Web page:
For purposes of comparison, here is the publisher information for our histrom bucket, and we can see that trad publishing overwhelmingly leans toward domineering heroes.

When all’s said and done, the important thing to consider is what sort of hero you might be interested in reading. If you like histrom but you don’t swoon for a domineering hero like I do, it might be beneficial to check out some indie romance or queer romance, which doesn’t tend to have the same dynamics as non-queer m/f smut (to be clear, if at least one party in the relationship identifies as queer, this can include m/f pairings). Try Cat Sebastian or K.J. Charles (or go check out our tag).  If you’re totally hooked on trad publishing, there are some authors playing with gender roles or writing more beta-ish heroes in romance, like Eva Leigh or Grace Burrowes. If you like contemporary romance but like a domineering hero, a Kindle Unlimited subscription might be just your cup of tea (although there are quite a few self-published authors who aren’t on KU who sell books for about $4). Or delve into category romance. Just note these sorts of books aren’t likely to be at the library (Amazon doesn’t sell books or e-book rights to libraries). 

Of course, if you like to read anything and everything, it might just be beneficial to know what the publishing gatekeepers are promoting. Have you noticed any trends in sub-genres lately?

14 thoughts on “Heroes! Historical vs. Contemporary”

  1. This was a very interesting, well researched post. I equally enjoy both a cinnamon roll and an alpha hero. I find that my problem is more with the level of consent in a book. I had no idea that Christine Feehan has some issues in that department and will definitely keep that in mind.

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    1. I expect that Erin will be exploring the differences in expectations around what consent means in contemporary vs. historical romance in the future, because it’s definitely an area where there’s a lot of variance between romance genres. And it makes sense! Spousal rape wasn’t legally a thing until really recently, so it makes sense that issues of consent were different in the 19th century than they are now.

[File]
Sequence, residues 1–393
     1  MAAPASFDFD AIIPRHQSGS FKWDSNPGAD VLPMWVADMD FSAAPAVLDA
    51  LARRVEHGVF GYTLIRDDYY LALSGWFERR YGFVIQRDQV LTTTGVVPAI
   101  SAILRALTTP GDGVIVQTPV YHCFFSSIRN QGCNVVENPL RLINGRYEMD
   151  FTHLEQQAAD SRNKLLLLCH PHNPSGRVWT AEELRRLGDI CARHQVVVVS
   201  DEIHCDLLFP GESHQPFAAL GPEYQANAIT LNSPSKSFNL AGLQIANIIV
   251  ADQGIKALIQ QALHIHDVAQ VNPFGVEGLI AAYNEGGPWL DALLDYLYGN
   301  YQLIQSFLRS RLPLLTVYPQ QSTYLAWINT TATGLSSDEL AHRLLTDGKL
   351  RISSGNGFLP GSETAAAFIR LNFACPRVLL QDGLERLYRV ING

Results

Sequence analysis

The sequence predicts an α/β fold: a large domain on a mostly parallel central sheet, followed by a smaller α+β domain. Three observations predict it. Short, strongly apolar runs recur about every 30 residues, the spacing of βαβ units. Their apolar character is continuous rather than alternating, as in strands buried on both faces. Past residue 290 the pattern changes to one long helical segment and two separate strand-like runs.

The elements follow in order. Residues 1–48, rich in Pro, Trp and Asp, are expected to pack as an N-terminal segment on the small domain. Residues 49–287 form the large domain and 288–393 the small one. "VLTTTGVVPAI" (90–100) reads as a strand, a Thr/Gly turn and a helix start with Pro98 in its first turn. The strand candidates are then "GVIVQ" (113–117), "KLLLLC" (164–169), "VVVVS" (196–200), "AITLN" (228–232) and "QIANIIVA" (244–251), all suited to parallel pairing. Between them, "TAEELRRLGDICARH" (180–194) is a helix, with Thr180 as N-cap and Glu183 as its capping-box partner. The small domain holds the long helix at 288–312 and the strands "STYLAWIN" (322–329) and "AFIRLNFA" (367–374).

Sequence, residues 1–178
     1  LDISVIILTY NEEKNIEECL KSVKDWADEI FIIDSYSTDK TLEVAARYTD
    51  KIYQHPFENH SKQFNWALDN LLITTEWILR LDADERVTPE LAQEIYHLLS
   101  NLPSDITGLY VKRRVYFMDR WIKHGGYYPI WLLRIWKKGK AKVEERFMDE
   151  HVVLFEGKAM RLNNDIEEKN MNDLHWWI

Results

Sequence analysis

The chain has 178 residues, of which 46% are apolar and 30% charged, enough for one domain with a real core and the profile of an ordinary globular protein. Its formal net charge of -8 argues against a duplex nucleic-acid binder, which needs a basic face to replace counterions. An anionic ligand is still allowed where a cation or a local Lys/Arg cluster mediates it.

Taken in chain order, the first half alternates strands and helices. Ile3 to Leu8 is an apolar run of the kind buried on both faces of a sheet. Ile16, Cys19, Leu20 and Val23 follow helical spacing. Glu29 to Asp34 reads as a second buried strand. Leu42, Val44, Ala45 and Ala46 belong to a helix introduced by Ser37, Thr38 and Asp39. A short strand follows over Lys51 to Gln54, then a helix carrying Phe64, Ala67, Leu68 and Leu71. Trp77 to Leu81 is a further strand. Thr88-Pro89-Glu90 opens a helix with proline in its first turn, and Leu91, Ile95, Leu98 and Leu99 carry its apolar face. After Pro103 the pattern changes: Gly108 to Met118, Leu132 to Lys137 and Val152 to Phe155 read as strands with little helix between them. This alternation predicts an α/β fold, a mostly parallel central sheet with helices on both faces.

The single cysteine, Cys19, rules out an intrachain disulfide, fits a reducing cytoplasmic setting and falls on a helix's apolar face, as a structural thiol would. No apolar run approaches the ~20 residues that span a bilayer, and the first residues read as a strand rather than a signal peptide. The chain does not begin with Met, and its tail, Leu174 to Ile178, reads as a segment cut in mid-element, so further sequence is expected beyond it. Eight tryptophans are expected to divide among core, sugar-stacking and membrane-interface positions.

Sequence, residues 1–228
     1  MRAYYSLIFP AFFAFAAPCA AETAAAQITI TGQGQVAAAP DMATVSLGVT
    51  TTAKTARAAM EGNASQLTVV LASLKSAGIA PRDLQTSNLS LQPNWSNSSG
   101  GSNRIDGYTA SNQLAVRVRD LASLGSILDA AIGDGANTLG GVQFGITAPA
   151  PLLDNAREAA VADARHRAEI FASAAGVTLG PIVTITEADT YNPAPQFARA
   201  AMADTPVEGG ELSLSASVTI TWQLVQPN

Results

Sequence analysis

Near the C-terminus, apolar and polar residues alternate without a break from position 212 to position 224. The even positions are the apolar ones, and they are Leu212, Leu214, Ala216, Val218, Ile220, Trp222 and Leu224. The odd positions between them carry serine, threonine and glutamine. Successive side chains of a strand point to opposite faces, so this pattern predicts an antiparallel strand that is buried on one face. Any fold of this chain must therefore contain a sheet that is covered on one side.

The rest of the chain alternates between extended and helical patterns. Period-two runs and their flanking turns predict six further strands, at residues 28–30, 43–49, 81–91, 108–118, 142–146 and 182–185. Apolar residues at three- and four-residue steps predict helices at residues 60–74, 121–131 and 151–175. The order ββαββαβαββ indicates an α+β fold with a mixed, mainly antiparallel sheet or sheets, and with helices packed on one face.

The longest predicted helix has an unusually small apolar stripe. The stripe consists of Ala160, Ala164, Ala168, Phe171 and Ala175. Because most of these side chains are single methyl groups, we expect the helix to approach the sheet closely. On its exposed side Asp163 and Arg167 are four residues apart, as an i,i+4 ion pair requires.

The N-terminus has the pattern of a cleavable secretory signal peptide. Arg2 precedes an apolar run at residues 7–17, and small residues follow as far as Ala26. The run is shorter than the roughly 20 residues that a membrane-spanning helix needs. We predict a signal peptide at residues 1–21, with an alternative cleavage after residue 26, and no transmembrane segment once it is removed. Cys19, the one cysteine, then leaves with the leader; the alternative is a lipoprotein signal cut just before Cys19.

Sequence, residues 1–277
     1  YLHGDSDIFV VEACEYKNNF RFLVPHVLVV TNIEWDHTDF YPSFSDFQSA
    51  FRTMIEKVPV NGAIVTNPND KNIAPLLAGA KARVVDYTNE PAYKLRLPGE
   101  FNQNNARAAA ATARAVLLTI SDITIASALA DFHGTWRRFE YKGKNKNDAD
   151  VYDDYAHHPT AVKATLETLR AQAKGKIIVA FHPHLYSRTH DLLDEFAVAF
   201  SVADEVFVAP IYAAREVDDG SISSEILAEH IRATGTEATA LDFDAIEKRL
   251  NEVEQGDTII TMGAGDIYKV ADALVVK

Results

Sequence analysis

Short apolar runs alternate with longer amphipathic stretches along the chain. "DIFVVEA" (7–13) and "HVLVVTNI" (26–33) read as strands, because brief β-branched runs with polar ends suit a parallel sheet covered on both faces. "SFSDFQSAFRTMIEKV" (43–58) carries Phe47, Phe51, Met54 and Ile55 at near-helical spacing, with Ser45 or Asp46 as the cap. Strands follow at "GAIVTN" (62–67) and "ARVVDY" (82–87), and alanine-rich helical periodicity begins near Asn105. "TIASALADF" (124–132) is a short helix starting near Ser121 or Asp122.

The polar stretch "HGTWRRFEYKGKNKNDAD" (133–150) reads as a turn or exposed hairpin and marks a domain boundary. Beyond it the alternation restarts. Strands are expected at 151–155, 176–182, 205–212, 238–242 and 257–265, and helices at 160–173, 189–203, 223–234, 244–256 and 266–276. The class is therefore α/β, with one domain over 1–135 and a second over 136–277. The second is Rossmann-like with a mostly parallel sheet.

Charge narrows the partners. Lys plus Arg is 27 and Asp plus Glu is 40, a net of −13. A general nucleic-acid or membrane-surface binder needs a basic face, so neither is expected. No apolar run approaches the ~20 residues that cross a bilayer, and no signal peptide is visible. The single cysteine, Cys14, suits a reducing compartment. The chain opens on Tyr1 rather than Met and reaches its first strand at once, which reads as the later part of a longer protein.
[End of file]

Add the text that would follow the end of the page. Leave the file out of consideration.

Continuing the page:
My experience is that consent is the most questionable in paranormal romances (the whole fated mates thing makes things blurry), but I haven’t read any Feehan so I can’t confirm what her books are like.

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  2. I love this post so much! (Also, all the charts!) I actually encountered this a couple of days ago but I bookmarked this so I could read it when I had more time. Like Erin, I enjoy reading both cinnamon rolls and alpha heroes, but I struggle with my fascination for the latter. I find that I can recommend cinnamon-roll heroes to all my friends (e.g., Kiss Quotient), but HRs and paranormal romances are my “dirty little secret” – no one even knows I read them! PNR romances, especially, can be so much worse than HRs – I’ve encountered a number of explicit rape scenes, which I promptly DNF’ed – but like HR, they’re justified because of the fantasy element, and the link to animal nature. Somehow it’s understandable because the guys are, well, literally half-beast, and they don’t have complete control over themselves.